One participant talked about an experience of overhearing a senior teacher making sexist and homophobic remarks. The student, with the support of another teacher involved in diversity in Shambhala, had the opportunity to confront the teacher in a heartfelt way and believes that real understanding and growth came from the encounter. Although it was a very painful experience, she felt there was nevertheless a space for genuine communication.

“I am black and Shambhala is very white,” said one of our members. “Every time I go to another center, I have to justify myself, and it feels like I have a barrage of questions about who I am, who I know, do I have the right credentials…”

Shambhala in the world around us

Sometimes we may think that Shambhala is not doing anything in the world around us. But in fact, many Shambhalians are engaged in all kinds of social, ecological, and other activities that are part of creating enlightened society. The final part of the discussion was on the theme: “What are we Shambhalians doing in the society around us?”

“I work in the poorest community in the School District and the challenges are enormous,” said a teacher. “I love these kids, and my work. This is my way of living the vision of an enlightened society. This is my path, and it is tremendously rewarding work. I teach math, love, and perseverance.”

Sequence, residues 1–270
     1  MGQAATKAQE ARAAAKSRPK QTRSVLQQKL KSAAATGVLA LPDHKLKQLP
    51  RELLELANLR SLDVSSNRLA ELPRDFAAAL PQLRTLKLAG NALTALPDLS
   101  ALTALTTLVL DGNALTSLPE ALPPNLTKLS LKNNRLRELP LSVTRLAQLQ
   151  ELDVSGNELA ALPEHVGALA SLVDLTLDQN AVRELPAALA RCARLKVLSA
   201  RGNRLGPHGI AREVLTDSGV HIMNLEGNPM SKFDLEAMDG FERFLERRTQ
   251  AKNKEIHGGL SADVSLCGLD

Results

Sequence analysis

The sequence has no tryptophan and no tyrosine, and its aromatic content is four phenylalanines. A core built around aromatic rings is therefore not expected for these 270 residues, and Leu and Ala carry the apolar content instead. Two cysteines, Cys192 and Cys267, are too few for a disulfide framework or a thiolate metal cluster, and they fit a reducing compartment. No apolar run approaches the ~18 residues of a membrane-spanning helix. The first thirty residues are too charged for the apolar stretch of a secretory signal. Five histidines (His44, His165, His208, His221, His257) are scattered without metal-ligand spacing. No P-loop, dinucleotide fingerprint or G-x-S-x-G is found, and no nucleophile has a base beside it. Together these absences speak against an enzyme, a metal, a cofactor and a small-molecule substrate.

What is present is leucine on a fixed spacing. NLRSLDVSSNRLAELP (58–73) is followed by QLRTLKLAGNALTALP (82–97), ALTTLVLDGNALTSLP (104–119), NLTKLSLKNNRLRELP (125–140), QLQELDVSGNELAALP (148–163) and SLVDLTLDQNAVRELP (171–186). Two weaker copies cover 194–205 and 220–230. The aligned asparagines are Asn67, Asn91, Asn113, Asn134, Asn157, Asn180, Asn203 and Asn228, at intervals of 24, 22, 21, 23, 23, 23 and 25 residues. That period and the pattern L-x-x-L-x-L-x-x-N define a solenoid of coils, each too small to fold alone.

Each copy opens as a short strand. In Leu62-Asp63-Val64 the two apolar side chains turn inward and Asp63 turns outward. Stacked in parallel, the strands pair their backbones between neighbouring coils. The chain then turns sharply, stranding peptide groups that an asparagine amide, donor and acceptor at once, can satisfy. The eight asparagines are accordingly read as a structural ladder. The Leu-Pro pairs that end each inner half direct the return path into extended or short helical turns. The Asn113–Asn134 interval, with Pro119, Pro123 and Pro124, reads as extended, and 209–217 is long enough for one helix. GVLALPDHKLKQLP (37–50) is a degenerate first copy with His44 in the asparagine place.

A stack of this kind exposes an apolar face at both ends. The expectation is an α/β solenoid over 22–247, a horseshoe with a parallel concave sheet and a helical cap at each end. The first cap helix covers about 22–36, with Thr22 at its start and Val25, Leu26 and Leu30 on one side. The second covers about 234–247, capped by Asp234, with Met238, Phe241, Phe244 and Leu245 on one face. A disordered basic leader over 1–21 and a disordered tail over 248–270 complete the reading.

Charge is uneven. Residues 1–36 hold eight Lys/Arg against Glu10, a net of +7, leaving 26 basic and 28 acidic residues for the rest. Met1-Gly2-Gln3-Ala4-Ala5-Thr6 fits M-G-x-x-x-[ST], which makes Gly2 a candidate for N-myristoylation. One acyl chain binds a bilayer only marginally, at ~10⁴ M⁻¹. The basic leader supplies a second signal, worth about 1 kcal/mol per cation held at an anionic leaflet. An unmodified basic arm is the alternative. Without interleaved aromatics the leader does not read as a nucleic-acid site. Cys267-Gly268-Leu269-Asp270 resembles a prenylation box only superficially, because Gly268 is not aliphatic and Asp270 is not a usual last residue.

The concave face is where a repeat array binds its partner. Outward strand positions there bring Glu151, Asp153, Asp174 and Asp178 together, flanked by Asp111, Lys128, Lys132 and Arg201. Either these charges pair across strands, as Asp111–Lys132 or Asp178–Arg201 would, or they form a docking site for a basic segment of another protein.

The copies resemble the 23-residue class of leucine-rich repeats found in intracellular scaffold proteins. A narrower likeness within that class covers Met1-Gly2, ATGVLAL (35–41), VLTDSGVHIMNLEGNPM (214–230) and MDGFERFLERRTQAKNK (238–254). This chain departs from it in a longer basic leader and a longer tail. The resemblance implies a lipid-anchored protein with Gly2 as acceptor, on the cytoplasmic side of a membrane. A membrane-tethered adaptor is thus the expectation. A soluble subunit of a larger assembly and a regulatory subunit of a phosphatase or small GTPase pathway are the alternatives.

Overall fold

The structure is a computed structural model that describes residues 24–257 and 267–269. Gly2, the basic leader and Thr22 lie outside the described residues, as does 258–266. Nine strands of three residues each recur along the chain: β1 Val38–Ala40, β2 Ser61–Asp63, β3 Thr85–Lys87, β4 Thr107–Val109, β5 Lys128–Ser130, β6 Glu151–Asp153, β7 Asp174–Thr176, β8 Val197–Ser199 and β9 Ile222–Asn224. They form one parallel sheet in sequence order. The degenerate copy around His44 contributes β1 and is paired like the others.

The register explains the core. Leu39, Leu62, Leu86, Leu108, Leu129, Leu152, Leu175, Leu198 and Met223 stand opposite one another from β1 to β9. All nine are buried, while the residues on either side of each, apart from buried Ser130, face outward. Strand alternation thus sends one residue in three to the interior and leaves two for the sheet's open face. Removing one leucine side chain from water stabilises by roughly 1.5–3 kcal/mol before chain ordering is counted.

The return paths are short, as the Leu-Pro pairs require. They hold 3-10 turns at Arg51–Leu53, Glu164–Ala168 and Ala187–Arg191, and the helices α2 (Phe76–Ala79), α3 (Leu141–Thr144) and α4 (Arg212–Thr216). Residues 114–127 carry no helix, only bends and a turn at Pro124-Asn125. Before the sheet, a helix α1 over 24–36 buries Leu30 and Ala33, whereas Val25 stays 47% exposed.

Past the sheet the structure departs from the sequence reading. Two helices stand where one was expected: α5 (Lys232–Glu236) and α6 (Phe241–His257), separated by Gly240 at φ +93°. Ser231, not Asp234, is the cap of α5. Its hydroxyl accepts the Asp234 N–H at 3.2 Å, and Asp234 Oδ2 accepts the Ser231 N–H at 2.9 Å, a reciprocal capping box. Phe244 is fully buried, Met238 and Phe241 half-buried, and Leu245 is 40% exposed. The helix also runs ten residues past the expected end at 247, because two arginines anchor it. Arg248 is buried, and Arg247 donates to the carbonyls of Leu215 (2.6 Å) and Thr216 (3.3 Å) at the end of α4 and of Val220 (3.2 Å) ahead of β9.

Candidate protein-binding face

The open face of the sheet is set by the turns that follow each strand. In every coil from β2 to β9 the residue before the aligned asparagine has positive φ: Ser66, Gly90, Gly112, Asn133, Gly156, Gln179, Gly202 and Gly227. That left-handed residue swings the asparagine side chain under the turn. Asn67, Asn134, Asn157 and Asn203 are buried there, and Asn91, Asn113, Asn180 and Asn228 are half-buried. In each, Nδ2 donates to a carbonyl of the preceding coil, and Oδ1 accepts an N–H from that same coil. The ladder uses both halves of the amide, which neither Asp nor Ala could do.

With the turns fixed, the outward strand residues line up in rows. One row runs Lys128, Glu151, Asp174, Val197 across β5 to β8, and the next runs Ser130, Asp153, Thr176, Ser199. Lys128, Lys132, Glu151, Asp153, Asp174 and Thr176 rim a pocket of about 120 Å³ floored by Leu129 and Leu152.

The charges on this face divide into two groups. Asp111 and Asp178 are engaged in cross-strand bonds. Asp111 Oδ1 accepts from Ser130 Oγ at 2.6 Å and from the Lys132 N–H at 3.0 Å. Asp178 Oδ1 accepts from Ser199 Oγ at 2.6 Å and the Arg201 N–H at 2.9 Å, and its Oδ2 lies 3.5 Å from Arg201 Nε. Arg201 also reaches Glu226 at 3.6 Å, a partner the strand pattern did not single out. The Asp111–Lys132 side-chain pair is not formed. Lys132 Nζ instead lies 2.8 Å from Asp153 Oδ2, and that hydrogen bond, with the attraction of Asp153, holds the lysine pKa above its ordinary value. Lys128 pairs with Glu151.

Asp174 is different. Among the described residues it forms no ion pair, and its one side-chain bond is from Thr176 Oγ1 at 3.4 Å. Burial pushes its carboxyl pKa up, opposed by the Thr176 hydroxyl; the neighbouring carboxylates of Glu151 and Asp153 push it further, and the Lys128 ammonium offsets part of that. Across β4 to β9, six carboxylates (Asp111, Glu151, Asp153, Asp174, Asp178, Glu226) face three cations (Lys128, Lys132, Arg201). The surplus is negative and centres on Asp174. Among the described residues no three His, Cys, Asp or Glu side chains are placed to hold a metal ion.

“I am the editor of a newspaper sold and produced by our city’s homeless community,” explained another participant. “I think Shambhala is making me a more patient and mindful editor and journalist. Our humble office is always filled with homeless vendors and writers, as well as college interns and other volunteers. They make it a challenging and yet a beautiful place to practice and be reminded of loving kindness every minute of every day.”

People were clearly inspired by taking the time to contemplate these issues and share their life experience with others. One person spoke for many when she said: “There are many groups in line with Shambhala vision who are doing things in line with our principles. We should reach out more.”

The full report is available for viewing and can be found by clicking here.

To read the daily quotes from President Reoch’s report, visit his blog: From Our President.